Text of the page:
"If it progresses to bullying, this can have lasting effects throughout the whole of a person's life."
Is it getting harder to maintain good friendships? Especially in the social media age...
"I think getting friendships right has always been a challenge for young people. We change so rapidly in the tween/teen years and someone who was your friend a few months ago may seem to have had a personality transplant!
"However, I do think social media adds an extra dimension of pressure. While there are benefits in being able to find like-minded friends online, I think these are outweighed by the stresses of always being 'get-at-able'.
"There is an expectation that you will respond to messages, post your status and generally be available to the world at all times.
"Added to that is the pressure to always be your 'best self' online and the anxiety that any slip-ups or embarrassing moments can be instantly sent around the world and the whole thing is utterly exhausting!
"However, we can't put the social media genie back in the bottle, so we have to help our kids learn to manage it."
How was it for Ruth, when she was young?
"At the time I'm sure I had my share of angst, but I look back on schooldays quite fondly. We moved around quite a bit when I was younger and I actually attended four different high schools, so I learned how to make friends quickly!
"I did get bullied occasionally but, being very small, I learned to shout loudly! And because there were no mobile phones, I had the luxury of being able to go home and not think about school 'til the next morning, which is not something my daughters have."
Do lads have similar worries?
"I think boys also have friendship challenges but are much more conditioned to keep them hidden.
"Culturally, boy friendship groups often revolve around sport, video-games or a particular type of music, and it is perhaps easier to join in with one of these broad interests and so give the impression of having lots of 'mates'.
"However, establishing close friendships where they can express emotions such as sadness, fear or anxiety is often much more difficult for boys than girls.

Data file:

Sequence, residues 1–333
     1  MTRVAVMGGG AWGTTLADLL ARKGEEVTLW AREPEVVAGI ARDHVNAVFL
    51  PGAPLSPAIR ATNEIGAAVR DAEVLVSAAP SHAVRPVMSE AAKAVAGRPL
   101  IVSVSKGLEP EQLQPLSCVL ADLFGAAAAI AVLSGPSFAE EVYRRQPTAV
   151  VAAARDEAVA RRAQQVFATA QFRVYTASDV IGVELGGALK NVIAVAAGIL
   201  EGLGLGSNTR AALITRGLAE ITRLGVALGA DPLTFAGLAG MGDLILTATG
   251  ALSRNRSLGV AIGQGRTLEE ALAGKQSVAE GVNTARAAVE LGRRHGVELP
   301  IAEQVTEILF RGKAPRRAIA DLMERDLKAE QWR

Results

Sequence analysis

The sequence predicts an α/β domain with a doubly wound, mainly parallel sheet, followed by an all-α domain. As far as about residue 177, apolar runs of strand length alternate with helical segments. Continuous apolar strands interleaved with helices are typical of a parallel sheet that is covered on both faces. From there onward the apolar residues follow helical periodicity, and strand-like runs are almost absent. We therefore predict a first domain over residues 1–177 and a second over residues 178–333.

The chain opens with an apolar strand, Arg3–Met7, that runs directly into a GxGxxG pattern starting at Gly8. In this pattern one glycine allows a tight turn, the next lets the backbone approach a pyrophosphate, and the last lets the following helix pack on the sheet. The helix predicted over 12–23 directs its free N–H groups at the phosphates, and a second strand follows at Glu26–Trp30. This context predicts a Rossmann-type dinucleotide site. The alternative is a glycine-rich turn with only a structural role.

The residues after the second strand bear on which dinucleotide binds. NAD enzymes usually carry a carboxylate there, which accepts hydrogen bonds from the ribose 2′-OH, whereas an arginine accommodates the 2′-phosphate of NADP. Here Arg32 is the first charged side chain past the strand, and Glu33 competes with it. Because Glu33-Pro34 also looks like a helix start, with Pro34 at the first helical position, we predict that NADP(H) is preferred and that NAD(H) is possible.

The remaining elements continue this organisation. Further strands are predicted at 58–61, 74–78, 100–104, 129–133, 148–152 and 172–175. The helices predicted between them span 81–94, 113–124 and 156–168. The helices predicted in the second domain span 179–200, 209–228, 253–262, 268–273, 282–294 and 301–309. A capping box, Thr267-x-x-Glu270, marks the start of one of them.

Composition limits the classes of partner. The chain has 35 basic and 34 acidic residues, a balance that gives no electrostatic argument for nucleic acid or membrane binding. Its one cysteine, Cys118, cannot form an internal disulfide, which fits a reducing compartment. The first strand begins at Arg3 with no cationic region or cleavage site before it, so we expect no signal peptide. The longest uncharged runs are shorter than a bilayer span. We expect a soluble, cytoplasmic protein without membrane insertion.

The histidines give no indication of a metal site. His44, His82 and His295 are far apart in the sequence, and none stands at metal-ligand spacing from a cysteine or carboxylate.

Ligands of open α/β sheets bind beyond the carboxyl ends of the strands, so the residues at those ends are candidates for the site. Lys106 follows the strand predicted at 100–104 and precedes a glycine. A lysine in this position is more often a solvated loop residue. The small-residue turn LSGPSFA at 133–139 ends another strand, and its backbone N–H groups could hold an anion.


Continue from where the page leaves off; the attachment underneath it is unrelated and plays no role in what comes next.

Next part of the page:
"This is probably the subject matter for a whole new book, but, again, parents can really help by valuing sons for all their qualities and abilities, not just the 'laddish' ones, and by teaching them to express their feelings comfortably."
Ruth's tips for parents
"Being a parent and knowing your child is hurting is really hard - after all, we are supposed to protect them.
"In primary school years it's a little easier, as classes are smaller and relationships with other parents and teachers tend to be closer. Once your child is in high school, though, it can feel as if there's nothing you can do to help.
"But no matter how difficult the circumstances, your teenager will always benefit from your support (even if they don't tell you!)"
The following can help, she says:
1. Listen. Resist the urge to jump in with advice straight away, and just let your child speak. Don't immediately relate things back to your own experience; you will end up talking about yourself, not them.
The world is a different place, with different pressures, than when you were at school. Let your child talk through their problem and then help them find positive actions that could help. There is lots of advice on active listening available online.
2. Support. Make sure your child knows they can speak to you about anything, that you will believe them, and you can be trusted not to gossip to other people/siblings/grandma etc.
If they are experiencing lots of turmoil at school, try to keep their homelife calm, warm and non-judgemental. Show them that their family is always there for them by organising some fun times together.
If you have serious concerns, make an appointment to speak to the school and keep following up on agreed action until you are satisfied your child is being supported and protected.
3. Lead by example. Don't run down other women, friends or celebrities. Teach your child to look for the positives in other people and to understand there are reasons we are all different - and this is a good thing!
Be proud of who they are, even if it doesn't fit in with your mental image of how they 'should' be. Celebrate the diversity of society and they will learn to be confident in their own individuality.
Find Your Girl Squad is published by Wren & Rook (part of Hachette Children's Group) at £7.99
Ruth has a book-signing session at Waterstones, in Ipswich Buttermarket, on Wednesday, February 19, from 11am to 1pm.